CHICAGO - Forced to redshirt two years ago while recovering from a bout of mononucleosis, Duje Dukan was mentally crushed when he had to watch his teammates compete for a Big Ten tournament championship in a building he had grown up in.
When he recognized that he’d be able to return to the building and compete for a title as a senior, Dukan found another level of motivation for his final college season.
“That’s something that definitely got me excited,” said Dukan, all smiles after his eight points off the bench provided a nice lift in No.6 Wisconsin’s gritty 71-60 victory over Michigan Friday afternoon. “To be able to actually be here, move on to the semifinals tomorrow is an excited feeling.”
Junior Sam Dekker led Wisconsin (29-3) with 17 points while senior Frank Kaminsky (16 points, 12 rebounds) and sophomores Bronson Koenig (12 points) and Nigel Hayes (11) all played critical roles to help the Badgers move on to the Big Ten tournament semifinals, meeting fourth-seed Purdue Saturday at noon CT.
“We get to play another 40 minutes down here in Chicago in a great venue,” said UW coach Bo Ryan, “and your supporters that bought the tickets, they get to be here – that’s pretty exciting.”
That United Center means something special to Dukan. His father, Ivica, is the Director of International Scouting for the Chicago Bulls and affiliated with the organization for 20 years. He was a ball boy for games for seven years and even got to play on the court once as part of a halftime showcase.
“I grew up in this building,” said Dukan. “I consider it my backyard.”
The comfort level with the atmosphere and the environment were both evident in the second half. After going 0-for-3 in nine first-half minutes, the Deerfield, Ill., native went 3-for-5 from the floor and hit a pair of timely 3-pointers – one coming after Michigan took a 3-point lead and another after the Wolverines tied the game for 44.
“He was really fired up for coming here,” said senior Josh Gasser.
Dukan also was active in the low post, grabbing two rebounds, drawing low-post fouls and even threw down a two-handed slam dunk off the dribble that caused senior point guard Traevon Jackson to jump off the bench, bad right foot and all.
“His dunk was the real deal,” said Jackson, who hopes to return to the practice court Monday. “I told him before the game you’re going to get a dunk today. I was really happy. We gritted it out. We scrapped.”
A five-point overtime win in Ann Arbor in the team’s only regular season meeting, Wisconsin didn’t fare much better against a Michigan team associate head coach Greg Gard described as one with “nothing to lose.”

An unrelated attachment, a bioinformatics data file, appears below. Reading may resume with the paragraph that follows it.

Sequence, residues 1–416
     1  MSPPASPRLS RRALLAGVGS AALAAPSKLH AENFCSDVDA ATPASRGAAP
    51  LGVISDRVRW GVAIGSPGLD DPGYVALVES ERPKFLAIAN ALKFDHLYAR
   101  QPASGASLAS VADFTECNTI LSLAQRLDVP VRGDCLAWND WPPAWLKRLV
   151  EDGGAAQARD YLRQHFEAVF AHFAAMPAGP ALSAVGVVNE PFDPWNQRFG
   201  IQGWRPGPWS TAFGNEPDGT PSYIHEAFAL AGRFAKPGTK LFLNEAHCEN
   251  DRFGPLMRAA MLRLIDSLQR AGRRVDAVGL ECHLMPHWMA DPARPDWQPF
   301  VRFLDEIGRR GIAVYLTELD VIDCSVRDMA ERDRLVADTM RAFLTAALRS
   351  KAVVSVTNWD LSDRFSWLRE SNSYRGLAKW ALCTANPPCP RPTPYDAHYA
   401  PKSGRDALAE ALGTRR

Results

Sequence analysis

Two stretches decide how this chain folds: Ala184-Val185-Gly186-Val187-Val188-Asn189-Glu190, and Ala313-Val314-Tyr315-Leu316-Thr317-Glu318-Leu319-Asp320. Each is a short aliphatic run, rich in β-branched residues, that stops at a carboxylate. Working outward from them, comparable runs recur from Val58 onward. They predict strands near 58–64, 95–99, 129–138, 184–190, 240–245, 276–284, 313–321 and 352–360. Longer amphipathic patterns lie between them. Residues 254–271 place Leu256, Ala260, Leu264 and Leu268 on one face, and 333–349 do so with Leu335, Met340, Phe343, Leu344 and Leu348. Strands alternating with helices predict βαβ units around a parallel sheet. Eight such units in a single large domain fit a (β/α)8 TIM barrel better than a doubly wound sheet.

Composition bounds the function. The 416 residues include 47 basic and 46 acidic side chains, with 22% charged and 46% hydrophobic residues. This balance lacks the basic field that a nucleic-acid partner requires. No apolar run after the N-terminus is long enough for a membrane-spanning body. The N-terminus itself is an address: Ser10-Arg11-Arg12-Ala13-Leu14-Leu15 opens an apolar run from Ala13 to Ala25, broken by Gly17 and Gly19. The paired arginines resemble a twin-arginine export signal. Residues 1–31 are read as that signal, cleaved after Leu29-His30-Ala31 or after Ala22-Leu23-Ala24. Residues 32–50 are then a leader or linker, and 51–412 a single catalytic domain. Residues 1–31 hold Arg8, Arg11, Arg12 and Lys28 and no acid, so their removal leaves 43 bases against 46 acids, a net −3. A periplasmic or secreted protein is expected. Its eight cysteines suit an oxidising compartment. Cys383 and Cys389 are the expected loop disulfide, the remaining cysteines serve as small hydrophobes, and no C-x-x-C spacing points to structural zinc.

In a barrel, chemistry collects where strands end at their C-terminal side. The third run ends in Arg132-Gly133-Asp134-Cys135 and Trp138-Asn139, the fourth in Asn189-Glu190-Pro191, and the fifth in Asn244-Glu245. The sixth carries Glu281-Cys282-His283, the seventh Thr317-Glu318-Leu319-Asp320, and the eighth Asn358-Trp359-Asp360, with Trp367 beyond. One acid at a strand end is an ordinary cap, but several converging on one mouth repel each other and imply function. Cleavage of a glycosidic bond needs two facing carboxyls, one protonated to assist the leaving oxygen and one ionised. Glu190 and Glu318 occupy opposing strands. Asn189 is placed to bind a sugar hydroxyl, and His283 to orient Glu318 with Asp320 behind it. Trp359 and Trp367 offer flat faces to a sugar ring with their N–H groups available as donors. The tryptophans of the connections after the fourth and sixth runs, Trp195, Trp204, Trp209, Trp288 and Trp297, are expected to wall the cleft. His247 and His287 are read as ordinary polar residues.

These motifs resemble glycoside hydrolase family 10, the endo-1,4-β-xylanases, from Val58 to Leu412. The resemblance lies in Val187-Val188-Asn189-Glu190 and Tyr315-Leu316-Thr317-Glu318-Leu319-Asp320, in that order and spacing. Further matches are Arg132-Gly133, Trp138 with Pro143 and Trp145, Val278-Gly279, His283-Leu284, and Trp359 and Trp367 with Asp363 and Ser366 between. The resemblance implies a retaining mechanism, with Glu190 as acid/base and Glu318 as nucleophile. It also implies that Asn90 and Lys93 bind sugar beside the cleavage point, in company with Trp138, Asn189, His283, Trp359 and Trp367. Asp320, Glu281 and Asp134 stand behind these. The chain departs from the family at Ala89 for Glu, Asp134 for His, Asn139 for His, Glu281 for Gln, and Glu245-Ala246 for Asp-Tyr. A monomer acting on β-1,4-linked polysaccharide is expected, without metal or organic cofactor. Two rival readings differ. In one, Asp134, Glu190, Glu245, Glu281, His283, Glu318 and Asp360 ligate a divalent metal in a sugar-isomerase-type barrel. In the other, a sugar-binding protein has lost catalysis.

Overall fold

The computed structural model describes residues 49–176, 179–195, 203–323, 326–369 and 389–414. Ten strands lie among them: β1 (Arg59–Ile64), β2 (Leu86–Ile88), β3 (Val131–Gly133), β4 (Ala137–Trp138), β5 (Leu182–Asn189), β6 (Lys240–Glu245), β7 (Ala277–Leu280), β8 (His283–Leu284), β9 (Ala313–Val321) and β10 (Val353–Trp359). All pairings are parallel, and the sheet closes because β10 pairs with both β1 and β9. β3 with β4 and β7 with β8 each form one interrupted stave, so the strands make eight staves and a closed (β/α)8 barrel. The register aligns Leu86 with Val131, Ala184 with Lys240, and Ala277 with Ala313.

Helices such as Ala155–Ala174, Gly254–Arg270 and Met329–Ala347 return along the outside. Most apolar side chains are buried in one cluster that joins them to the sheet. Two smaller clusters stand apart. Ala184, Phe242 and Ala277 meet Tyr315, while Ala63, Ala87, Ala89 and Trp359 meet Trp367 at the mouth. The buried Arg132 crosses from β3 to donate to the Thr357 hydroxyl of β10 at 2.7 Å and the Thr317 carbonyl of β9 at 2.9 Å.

“They are free and loose out there,” said Gard. “We were expected to be in this position. We didn’t play that exceptionally well for most of that 40 minutes, but found a way to get it done and hopefully move on to better things tomorrow.”
Wisconsin – the heavy tournament favorites – was stagnate on offense during stretches and inconsistent on defense, a reason Michigan shot 51.9 percent, saw Wisconsin miss eight straight 3-pointers at one point and led the Wolverines smelling upset after leading by as many as nine points in the first half.
It took time for the pro-Wisconsin crowd to finally get something to cheer about. Shooting in the mid-30s through long stretches of the first half, Wisconsin finally figured it out with an 18-4 run to close the half, going 7-for-9 from the floor while holding the Wolverines scoreless for the final 3:35.
Wisconsin’s frontcourt scored the first 12 points on the comeback and Koenig buried 3-pointers on consecutive possessions, showing how quickly Wisconsin can make things turn in its favor.
“If anybody watched this game you see how talented Wisconsin is,” said Michigan coach John Beilein, as the Wolverines (16-16) got a game-high 21 points from Zak Irvin. “They’ve got a great game plan, but their size, their age, their strength, it was a big part in the game.”
Going against a four-guard starting lineup, Wisconsin’s three 6-9+ forwards – Dekker, Hayes and Kaminsky – pummeled the interior of the Wolverines’ defense to the tune of 36 points in the paint and a +15 edge on the glass.
The trio finished with 34 points on 17-for-33 (51.5 percent) and had 27 rebounds.
“We want to get shots around the rim – two foot shots – as many as we can,” said Hayes. “We had an emphasis to go inside. With Frank being 7-foot and there biggest guy being 6-10, we wanted to make sure we took the ball inside because we had the advantage.”
Even with the edge inside, it was a grind, a two possession game for a total of 16 minutes, 8 seconds of the second half that wasn’t decided until Michigan went cold for the final 4:05, making just two baskets down the stretch.
“We knew it would be close, even though we had a little bit of a lead going into half,” said Gasser. “We knew they were going to come out and give everything they’ve got. They were going to make some plays. We just had to counter them and we were able to make enough of them to come out with a win.”
Likely needing to win out and get some help to clinch a No.1 seed in next weekend’s NCAA tournament, and more importantly avoiding undefeated Kentucky, Wisconsin’s resume will get even stronger if the Badgers continue to get a lift from Dukan off the bench.
“We definitely need that production off the bench; it gives us a big lift,” said Koenig. “When certain guys aren’t able to shoot one night, then the bench really helps us.”